She’s called the Dr. Seuss of India but it’s a moniker that makes her uncomfortable. Anushka Ravishankar is an acclaimed children’s author who is known for her nonsense verse (which led to the Dr. Seuss comparisons). Her other books include chapter books, retellings of folk tales and non-fiction. Several of her books have been published internationally and have won awards. She is now principal platypus at Duckbill Books, which publishes books for children and young adults. Some of her books are: Tiger on a Tree, Moin and the Monster, Captain Coconut and the Case of the Missing Bananas and The Rumour.
1. Can you tell us a little bit about the journey that led you to becoming a children’s author?
I started off as a programmer and systems analyst, but I always wrote, so I decided at one point to try my hand at writing for children. The fact that I couldn’t find enough Indian books for my daughter to read was one of the motivations. I wrote a couple of stories, and they were well received, so it gave me some confidence. I started doing freelance work for Tinkle and later joined Tara Books as an editor. I wrote my first children’s book in 1996/97, when I was working there. The book did well and I continued to write for them.
2. Most children grow up on a diet of western fiction. Do you think it skews a child’s perspective and affects their cultural identity?
Well, we grew up on a diet of western fiction. I’m sure it affects one’s perspective, but that’s not necessarily a bad thing. The books one reads affect us in many ways, but they are not the only variables that go into the mix: there’s so much more to cultural identity than the literature one is exposed to. There is family, environment, the people one meets, movies – the effect of western fiction is leavened by all of these. Having said that, of course it’s good for children to read fiction that is set in their own context as well (though not, I would argue, exclusively). The good news is that there are many, many Indian children’s authors writing good books now, so children have a much greater choice, and with a bit of guidance from parents and teachers, can be given a balanced diet, as it were.
3. You have been likened to Dr. Seuss. Is it a moniker that worries you or makes you feel proud of your success?
I’m not comfortable at all with that comparison. I don’t think in terms of success – I do what I do and I enjoy doing it, so on a scale that goes from ‘worry’ to ‘pride’, I would definitely be much closer to ‘worry’!
4. How do you formulate your stories? Do you take inspiration from everyday things?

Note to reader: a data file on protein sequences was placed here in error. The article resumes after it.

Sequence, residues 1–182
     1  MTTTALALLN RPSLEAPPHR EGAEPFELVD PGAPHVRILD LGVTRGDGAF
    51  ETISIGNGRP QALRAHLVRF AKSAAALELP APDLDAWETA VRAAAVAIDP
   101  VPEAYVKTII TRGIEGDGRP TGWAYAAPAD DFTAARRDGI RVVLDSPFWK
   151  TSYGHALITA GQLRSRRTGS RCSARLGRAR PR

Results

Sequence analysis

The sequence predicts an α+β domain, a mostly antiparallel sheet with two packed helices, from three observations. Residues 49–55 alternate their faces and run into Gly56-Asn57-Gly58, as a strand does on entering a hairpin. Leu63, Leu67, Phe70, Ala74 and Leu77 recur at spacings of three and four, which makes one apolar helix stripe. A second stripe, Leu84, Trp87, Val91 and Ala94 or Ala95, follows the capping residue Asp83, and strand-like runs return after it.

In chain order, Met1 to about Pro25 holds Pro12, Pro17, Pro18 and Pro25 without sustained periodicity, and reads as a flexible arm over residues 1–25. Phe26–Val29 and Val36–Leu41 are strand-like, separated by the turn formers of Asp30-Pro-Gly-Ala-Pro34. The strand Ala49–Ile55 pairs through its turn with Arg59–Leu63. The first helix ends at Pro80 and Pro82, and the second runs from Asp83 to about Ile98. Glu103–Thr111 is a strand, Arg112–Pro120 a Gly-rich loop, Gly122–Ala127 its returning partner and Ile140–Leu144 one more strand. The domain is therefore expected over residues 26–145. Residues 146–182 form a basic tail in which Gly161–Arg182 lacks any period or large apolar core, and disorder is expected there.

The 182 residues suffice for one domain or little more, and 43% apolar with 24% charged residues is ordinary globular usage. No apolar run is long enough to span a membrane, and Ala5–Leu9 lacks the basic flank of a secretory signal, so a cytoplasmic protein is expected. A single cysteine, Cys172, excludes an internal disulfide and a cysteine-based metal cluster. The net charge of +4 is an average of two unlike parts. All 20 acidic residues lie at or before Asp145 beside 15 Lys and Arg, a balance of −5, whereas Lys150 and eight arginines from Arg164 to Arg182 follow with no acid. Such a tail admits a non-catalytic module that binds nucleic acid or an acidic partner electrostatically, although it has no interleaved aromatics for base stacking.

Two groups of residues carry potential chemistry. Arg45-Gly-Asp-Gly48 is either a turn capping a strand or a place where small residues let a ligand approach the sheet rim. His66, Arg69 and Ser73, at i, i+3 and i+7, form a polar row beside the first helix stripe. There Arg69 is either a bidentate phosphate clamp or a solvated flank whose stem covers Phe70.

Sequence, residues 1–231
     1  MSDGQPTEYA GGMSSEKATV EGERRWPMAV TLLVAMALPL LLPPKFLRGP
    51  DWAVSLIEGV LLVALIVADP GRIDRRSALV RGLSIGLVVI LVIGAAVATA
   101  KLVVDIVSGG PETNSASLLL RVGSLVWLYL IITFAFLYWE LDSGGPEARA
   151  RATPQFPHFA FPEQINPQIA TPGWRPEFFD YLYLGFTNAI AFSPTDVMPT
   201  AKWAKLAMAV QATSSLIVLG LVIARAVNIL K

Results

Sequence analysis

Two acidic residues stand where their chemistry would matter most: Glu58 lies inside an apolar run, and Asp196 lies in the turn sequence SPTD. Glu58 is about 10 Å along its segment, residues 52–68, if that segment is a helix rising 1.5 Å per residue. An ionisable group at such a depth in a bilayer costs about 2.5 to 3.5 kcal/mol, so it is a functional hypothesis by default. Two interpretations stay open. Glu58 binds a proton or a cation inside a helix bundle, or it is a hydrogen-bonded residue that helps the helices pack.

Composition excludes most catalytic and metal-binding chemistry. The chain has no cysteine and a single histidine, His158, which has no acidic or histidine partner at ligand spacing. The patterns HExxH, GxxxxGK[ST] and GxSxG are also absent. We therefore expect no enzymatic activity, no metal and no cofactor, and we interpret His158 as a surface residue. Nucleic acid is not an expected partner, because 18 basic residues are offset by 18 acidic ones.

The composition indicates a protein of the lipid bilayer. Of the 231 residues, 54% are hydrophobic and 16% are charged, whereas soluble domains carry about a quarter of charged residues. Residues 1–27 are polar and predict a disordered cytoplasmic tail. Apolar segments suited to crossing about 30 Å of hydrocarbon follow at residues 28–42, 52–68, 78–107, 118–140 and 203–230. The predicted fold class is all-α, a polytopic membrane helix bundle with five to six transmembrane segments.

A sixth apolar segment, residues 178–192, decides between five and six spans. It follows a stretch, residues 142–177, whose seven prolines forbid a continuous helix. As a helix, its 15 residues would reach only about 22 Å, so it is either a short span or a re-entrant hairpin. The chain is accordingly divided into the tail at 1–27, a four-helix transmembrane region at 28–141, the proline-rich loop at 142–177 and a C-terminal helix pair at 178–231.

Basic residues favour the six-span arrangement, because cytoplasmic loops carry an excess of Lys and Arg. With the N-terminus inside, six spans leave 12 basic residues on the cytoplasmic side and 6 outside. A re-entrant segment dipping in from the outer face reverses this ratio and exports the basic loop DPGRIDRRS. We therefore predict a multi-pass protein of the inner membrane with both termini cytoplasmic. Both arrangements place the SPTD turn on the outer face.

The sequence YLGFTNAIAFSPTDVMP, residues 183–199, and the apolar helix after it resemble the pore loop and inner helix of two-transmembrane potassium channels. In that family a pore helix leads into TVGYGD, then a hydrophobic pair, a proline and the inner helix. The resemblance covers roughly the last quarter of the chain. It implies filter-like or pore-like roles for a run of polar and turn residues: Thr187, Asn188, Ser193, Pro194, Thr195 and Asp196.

I don’t do a lot of pre-planning, but I usually have a vague idea about where the story is going. The idea for a story could come from anywhere: from a newspaper article, from something I saw, from my childhood or my daughter’s childhood, from a story I might have heard about someone else … anything that happens anywhere can turn into an idea for a story. And when all else fails, there’s always the imagination!
5. Do you think your books can be utilized in classroom? And how do you think they will help young readers?
I really believe that any book – whether it’s a picture book or a serious tome – can be used in the classroom, if the teacher uses his or her imagination and has the will to do it. When Pulak Biswas (the illustrator) and I travelled to France with the picture book Tiger on a Tree, we found that every school we visited had used the book in such creative ways! A book can be used as a springboard to talk about many things. I don’t write books with any pedagogical intention in mind, however. I write books that children can enjoy reading. Finding out how they can help young readers is a job I’d leave to teachers.
6. Your books are beautifully illustrated. Do you collaborate with the illustrators?
The degree and manner of collaboration varies with every book. Sometimes, I get the illustrations first, sometimes there’s a bit of back and forth, sometimes I give them detailed descriptions of how I imagine the visuals will be, sometimes I just send the text and they run with it. The publisher has a very strong involvement in the process, so it’s quite often not my choice to make. But there’s always some degree of collaboration, yes.
7. What do you think about the current children’s fiction scene in our country? Well, it needs to grow a lot more but do you think the future looks bright for children’s fiction?
I think children’s fiction is at an exciting point in India. There are suddenly many new, fresh voices. there’s a lot of experimentation with new genres and themes and ways of telling stories. The future is definitely promising for the creation of good children’s books, therefore. The future of books in terms of their reach and readership depends on many other factors. One significant factor is how much exposure they get through schools and libraries. We hope this will happen. If schools encourage the reading habit and make an effort to get children to read Indian children’s books then the future can be bright indeed!
9. Can you share some inspiring advice for aspiring authors? For example, like finding publishers, illustrators etc.
Writers of children’s books in India are in a good place. All publishers are always on the lookout for good writers. So if an author has written a story and submits it to a publisher it will definitely get read. The rest depends on the quality of the book. Sometimes, of course, a publisher might reject a book for other reasons – because it doesn’t suit their list, or they have done too many books about tooth fairies … that sort of thing. As for illustrators, finding an illustrator is best left to the publishers. The writer just has to write.